Why is bi-partisan effort so important and how can these efforts be achieved in our politically polarizing culture?
As a former State representative, I know first-hand how important bi-partisan efforts can be to the success of any legislative action. What it takes are leaders on both sides of the aisle. It also takes an active, involved citizenry to communicate to all elected officials that the health of our planet is not a partisan issue. I submit that regardless of your political affiliation or ideology nobody wants to live in a place with water they cannot drink, air they cannot breathe and natural spaces they cannot enjoy. Certainly the elected leaders who consistently vote against environmental protections do not live in garbage dumps, and neither do their constituents. There are times within our recent memory where environmental legislation has received bi-partisan support. After all, it was Richard Nixon who created the EPA by executive order. Taking action for the environment is not just about more regulation or saying “no” to development, it is also about saying “yes” to creating new industries, growing jobs, building communities, saving money on our healthcare, and still maintaining our existing industries. And to this point, we need to show and convince folks in our region that we can protect their jobs and livelihoods while also protecting the environment. Solutions need not and cannot be mutually exclusive. The technology exists. But what we really need is the commitment and will of our elected leaders, and the continued advocacy of groups like Moms Clean Air Force to ensure that environmentalism makes sense to everyone without respect to ideology or party affiliation.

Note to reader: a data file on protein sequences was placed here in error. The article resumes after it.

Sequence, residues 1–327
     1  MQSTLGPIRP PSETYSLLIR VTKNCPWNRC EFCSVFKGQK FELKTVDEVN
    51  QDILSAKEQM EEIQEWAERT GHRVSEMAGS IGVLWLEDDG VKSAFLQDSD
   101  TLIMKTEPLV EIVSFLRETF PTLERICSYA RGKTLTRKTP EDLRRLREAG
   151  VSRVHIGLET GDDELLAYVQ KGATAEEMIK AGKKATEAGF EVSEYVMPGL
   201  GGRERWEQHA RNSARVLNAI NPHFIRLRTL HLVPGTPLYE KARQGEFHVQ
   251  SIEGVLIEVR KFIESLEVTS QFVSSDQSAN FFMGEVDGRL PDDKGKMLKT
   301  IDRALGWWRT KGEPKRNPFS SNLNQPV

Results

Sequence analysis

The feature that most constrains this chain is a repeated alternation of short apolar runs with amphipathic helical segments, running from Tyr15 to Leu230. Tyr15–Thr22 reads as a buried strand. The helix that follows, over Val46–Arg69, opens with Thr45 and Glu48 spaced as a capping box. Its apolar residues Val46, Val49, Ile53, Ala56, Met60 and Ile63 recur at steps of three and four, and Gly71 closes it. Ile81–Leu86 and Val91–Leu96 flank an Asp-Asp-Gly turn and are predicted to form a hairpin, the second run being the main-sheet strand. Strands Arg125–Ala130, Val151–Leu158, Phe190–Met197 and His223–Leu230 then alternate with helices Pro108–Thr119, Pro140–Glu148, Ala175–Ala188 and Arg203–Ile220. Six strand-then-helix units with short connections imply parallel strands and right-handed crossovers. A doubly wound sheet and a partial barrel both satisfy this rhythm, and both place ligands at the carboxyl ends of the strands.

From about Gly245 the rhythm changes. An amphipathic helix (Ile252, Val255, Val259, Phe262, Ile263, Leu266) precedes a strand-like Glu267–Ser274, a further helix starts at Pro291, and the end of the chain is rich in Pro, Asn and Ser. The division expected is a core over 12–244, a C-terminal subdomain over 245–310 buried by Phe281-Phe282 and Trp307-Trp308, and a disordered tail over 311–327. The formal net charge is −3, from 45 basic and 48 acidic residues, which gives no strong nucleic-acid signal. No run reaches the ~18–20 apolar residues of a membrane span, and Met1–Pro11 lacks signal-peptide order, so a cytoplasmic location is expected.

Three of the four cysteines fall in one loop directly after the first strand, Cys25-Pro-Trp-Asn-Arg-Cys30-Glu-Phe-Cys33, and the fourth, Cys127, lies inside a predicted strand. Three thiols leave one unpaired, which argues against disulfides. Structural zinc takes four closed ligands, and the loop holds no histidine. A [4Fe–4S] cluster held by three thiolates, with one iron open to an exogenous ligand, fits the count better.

Is there anything you would like to share that is important for Moms Clean Air Force members to know?
Beyond what I have said above, I would like other moms to remember that it is important to examine our actions on a daily basis, since those actions will influence the belief systems of our children for years to come. We need to ask ourselves, are our daily actions consistent with our beliefs of sound environmental stewardship? Simple actions that we take through recycling, our purchases at the grocery store, turning-off electrical devices and using rain barrels, to name but a few, raise the awareness of our children and offer them a great starting point to become mindful, responsible global citizens.
Thank you, Controller Wagner!
About Controller Chelsa Wagner: As the County’s top fiscal officer, Controller Chelsa Wagner leads the fight against inefficient and inequitable spending, working to root out fraud, waste and abuse in County government. Between 2006-2011 Chelsa represented southern and western neighborhoods of the City of Pittsburgh and South Hills suburban communities in the Pennsylvania House of Representatives. Chelsa was raised in the South Pittsburgh neighborhood of Beechview and now resides in the city’s North Point Breeze neighborhood with her husband and their two sons.